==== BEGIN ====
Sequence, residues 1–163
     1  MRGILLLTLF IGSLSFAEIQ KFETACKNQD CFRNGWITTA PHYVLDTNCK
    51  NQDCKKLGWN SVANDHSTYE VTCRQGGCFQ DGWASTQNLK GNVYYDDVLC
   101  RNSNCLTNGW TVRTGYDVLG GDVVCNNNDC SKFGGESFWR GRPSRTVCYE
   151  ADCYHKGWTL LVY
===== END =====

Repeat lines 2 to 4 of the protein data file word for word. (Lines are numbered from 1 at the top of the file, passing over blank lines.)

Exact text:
     1  MRGILLLTLF IGSLSFAEIQ KFETACKNQD CFRNGWITTA PHYVLDTNCK
    51  NQDCKKLGWN SVANDHSTYE VTCRQGGCFQ DGWASTQNLK GNVYYDDVLC
   101  RNSNCLTNGW TVRTGYDVLG GDVVCNNNDC SKFGGESFWR GRPSRTVCYE